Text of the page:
Vivien tries to keep up with some of the changes in the law. Well, not exactly 'some', more like a 'few' and embarked on an LLM in sports law - specialising in the thrilling subject of tax law and sport. Good news. It is now finished and Vivien astonishingly managed to get a distinction!! Educational standards must be dropping!
One week, having been elevated to a partner in a large firm of solicitors, she had two clients commit suicide - both fed up with the delay by civil servants and the absurdly slow court officers and social workers. Vivien decided she had had enough of the law and decided to go back to her golf. Her golfers might get fed up with their golf but had never taken overdoses of paracetomol or flung themselves under a train. She looked for a large house with land at which she could teach golf and finished up with an entire golf course - the Eynesbury Hardwicke Golf Club in St. Neots. She renamed the course Abbotsley Golf and Squash Club. The club had a modest 18 hole course, 6 squash courts, a driving range, small manor house and a complex of farm buildings and barns.
With Jenny Wisson - the lady captain of the club, who became managing director at Abbotsley - Abbotsley was transformed into a wonderful golf course - now almost 30 years old - with a 42 bedroomed hotel, another course - the Cromwell Course, plus a par 3 course. The club has played host to training sessions for England, Ireland and Wales, plus two England Rosebud pro-ams, the English Intermediate Championship and a host of county and professional events. The Club complex is now leased to American Golf UK. Vivien still lives on site at the golf course.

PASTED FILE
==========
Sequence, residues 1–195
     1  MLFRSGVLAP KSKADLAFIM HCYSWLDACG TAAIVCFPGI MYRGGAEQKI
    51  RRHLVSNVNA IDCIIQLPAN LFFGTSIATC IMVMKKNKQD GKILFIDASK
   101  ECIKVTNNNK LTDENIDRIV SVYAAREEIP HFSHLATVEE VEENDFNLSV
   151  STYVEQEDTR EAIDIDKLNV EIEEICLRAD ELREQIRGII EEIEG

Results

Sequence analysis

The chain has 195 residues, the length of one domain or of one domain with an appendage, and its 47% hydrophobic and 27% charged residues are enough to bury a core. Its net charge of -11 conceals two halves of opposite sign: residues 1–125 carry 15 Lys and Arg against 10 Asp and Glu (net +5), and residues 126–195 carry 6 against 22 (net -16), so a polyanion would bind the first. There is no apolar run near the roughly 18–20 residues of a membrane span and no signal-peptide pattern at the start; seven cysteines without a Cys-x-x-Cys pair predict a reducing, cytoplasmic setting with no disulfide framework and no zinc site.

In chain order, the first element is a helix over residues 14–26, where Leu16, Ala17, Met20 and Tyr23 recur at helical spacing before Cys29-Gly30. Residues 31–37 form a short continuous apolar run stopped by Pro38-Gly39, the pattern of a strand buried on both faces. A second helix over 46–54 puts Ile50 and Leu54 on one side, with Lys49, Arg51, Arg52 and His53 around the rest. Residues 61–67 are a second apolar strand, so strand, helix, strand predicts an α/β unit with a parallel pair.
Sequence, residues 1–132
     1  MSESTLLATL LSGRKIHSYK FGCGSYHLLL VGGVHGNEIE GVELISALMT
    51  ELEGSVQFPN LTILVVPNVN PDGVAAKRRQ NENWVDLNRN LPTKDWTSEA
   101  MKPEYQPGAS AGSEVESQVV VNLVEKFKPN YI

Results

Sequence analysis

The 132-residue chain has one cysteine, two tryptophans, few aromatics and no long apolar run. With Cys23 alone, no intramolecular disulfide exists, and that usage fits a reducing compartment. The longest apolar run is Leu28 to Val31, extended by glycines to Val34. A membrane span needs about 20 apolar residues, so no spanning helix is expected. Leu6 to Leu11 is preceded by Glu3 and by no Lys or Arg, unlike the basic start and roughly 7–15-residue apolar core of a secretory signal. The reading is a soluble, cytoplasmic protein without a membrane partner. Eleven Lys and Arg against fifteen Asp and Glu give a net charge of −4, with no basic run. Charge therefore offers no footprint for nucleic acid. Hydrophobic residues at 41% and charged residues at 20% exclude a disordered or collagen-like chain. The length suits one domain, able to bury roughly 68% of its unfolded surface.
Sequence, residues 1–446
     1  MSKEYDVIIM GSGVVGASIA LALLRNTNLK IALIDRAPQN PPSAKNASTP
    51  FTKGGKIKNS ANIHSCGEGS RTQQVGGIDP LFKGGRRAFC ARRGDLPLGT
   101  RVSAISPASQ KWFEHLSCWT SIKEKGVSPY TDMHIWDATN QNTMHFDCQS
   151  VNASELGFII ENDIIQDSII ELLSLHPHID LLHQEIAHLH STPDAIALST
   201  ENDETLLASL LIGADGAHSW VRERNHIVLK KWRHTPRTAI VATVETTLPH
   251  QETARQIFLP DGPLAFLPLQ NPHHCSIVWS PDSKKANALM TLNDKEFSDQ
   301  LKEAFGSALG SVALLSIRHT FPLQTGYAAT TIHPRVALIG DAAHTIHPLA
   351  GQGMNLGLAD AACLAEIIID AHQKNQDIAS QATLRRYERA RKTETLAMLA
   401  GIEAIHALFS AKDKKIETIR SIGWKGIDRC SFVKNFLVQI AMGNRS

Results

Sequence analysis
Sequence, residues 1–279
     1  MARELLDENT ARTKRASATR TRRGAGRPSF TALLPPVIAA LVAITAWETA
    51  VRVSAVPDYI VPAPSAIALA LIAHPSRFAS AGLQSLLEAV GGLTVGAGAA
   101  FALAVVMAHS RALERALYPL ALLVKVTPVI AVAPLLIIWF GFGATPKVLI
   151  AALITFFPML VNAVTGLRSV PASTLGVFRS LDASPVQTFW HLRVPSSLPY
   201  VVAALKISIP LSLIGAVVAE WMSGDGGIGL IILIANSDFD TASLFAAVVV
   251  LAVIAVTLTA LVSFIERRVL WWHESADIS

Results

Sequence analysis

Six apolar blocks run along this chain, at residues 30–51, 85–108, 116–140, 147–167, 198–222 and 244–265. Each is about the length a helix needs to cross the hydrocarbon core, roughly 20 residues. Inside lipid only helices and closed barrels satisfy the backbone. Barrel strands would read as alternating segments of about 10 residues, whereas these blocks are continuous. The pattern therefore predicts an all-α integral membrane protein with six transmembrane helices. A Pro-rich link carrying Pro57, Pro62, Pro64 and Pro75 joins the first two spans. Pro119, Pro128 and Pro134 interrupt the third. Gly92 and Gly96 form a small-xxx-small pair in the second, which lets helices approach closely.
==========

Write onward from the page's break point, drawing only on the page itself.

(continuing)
Vivien can easily be spotted on the course - wearing shorts when it is too cold for shorts, and a bobble hat when it is too warm for a bobble hat! And playing much more quickly than anyone else - anywhere! Her cat, Edward, usually accompanies her! (He does seriously walk the course - here on the 11th tee (men's of course!)
Vivien and Jenny bought another course in Cambridgeshire in 1993, The R and A's rules of amateur status preclude Vivien from being linked to the golf club she owns. So its identity must remain a secret! All we can say is that it is in Cambridge and sits astride the Meridian Line. Strangely enough R and A members and favourites are allowed to keep their amateur status and promote whatever golf clubs and courses they like -but there we are! Still that's the R and A and the rules of amateur status for you!